I'll let my new friends speak for themselves in the video. Meanwhile, check out their sites, especially if you might be living with one of the conditions they are blogging about. The participants were Eileen Bailey (ADHD), Ann Bartlett (Diabetes), Phil Baumann (Men's Health), Robert Breining (HIV/AIDS), Donna Cryer (Ulcerative Colitis), Dave deBronkart (Cancer), Bennett Dunlap (Diabetes), Lisa Emrich (MS and Rheumatoid Arthritis), Amy Gurowitz (Multiple Sclerosis), PJ Hamel (Breast Cancer, Osteoporosis), Tiffany Peterson (Lupus), Jenny Pettit (Sjogren's Syndrome, Fibromyalgia), Teri Robert (Migraine), Casey Quinlan (Cancer), Rudy Sims (Disability), Michael Weiss (Crohn's Disease), and Kelly Young (Rheumatoid Arthitis).

Finally, those who use the internet (and are discerning about what they find) are far more likely to bring ideas to their care provider, or understand side effects or otherwise take an active role in their care. So keep it up, fellow e-patients!

To paraphrase a golden oldie, the health care revolution will be televised... on Youtube and Skype and Wego Health and HealthCentral and of course right here on TheBody.com.

Please be well, and I hope you'll consider using the "share" feature below to enlighten your friends and colleagues. ;]

Mark

Send Mark an e-mail.

Get e-mail notifications every time Mark's blog is updated.

Visit Mark's live blog at www.MyFabulousDisease.com.

See Also
More on Online HIV/AIDS Resources

No comments have been made.
 

Add Your Comment:
(Please note: Your name and comment will be public, and may even show up in
Internet search results. Be careful when providing personal information! Before
adding your comment, please read TheBody.com's Comment Policy.)

Your Name:


Your Location:

(ex: San Francisco, CA)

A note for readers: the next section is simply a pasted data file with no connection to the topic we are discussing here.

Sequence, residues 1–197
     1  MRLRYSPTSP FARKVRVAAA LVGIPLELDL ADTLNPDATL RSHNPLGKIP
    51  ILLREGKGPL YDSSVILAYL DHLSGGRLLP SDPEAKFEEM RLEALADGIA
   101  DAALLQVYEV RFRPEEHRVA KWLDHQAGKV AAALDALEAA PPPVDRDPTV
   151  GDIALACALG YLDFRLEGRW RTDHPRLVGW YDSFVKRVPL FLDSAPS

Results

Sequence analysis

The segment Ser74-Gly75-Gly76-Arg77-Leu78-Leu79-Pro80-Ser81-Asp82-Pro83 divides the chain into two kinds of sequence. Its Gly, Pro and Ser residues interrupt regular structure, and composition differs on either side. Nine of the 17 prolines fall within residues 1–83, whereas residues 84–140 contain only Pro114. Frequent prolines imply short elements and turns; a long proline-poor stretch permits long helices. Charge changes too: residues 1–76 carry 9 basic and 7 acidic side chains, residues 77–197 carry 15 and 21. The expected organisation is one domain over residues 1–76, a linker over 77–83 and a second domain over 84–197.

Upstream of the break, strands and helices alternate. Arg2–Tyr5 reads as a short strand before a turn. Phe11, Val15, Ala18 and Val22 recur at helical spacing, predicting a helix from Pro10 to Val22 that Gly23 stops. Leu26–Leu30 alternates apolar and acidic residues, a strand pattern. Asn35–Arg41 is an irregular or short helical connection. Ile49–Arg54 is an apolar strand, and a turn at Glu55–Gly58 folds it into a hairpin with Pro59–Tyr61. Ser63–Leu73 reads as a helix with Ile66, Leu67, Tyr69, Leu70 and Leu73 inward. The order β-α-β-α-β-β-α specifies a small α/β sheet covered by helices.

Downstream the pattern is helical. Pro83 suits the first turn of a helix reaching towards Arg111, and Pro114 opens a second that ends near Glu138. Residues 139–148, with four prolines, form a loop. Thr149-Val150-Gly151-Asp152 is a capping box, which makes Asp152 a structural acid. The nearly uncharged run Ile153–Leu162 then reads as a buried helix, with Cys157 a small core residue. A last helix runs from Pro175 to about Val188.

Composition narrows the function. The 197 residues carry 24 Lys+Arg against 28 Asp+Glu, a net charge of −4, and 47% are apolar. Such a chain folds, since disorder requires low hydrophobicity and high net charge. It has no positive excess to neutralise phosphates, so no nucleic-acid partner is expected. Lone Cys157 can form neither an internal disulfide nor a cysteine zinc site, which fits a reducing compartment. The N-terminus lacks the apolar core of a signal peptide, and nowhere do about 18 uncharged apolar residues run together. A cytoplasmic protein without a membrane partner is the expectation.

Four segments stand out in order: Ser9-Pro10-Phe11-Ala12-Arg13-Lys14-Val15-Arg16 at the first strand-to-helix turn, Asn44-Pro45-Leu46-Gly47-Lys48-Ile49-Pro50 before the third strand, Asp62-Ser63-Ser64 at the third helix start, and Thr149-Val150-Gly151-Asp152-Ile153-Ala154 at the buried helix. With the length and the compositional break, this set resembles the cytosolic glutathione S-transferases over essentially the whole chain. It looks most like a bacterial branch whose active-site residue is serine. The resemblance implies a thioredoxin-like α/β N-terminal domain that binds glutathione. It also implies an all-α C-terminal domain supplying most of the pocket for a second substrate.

Your Comment:

Characters remaining:
VIDEO BLOG:
My Fabulous Disease


Mark S. King has been an active AIDS activist, writer and community organization leader since the early 1980s in Los Angeles. He has been an outspoken advocate for prevention education and for issues important to those living with HIV.

Diagnosed in 1985, Mark has held positions with the Los Angeles Shanti Foundation, AID Atlanta and AIDS Survival Project, and is an award-winning writer. He continues his volunteer work as an AIDS educator and speaker for conferences and events.

Speaking engagements: Mark King is available to speak to groups. Contact Mark about speaking at your organization or event!


More About Mark:
Profile


Subscribe to Mark's Blog:

Subscribe by RSSBy RSS ?

Subscribe by Email


Recent Posts:

View All Posts


A Place Like This by Mark King

View an excerpt of Mark's book

To read PDF, click here


Interviews With Mark:

Mark King Looks Back at the AIDS Epidemic's Darkest Hour in the U.S. (May 14, 2008)

This Month in HIV: Crystal Methamphetamine and HIV (August 2007)


Articles by Mark:

Meth Burial (May 2008)

Outliving My Father (May 22, 2001)
Mark recounts how years of caring for friends dying of AIDS prepared him for taking care of his dying father
From The Advocate

AIDS Always Benefits from What We Don't Talk About (April 2001)


For the rest of Mark's articles, click here.


A Brief Disclaimer:

The opinions expressed by TheBody.com's bloggers are entirely their own, and do not necessarily reflect the views of TheBody.com itself.

Advertisement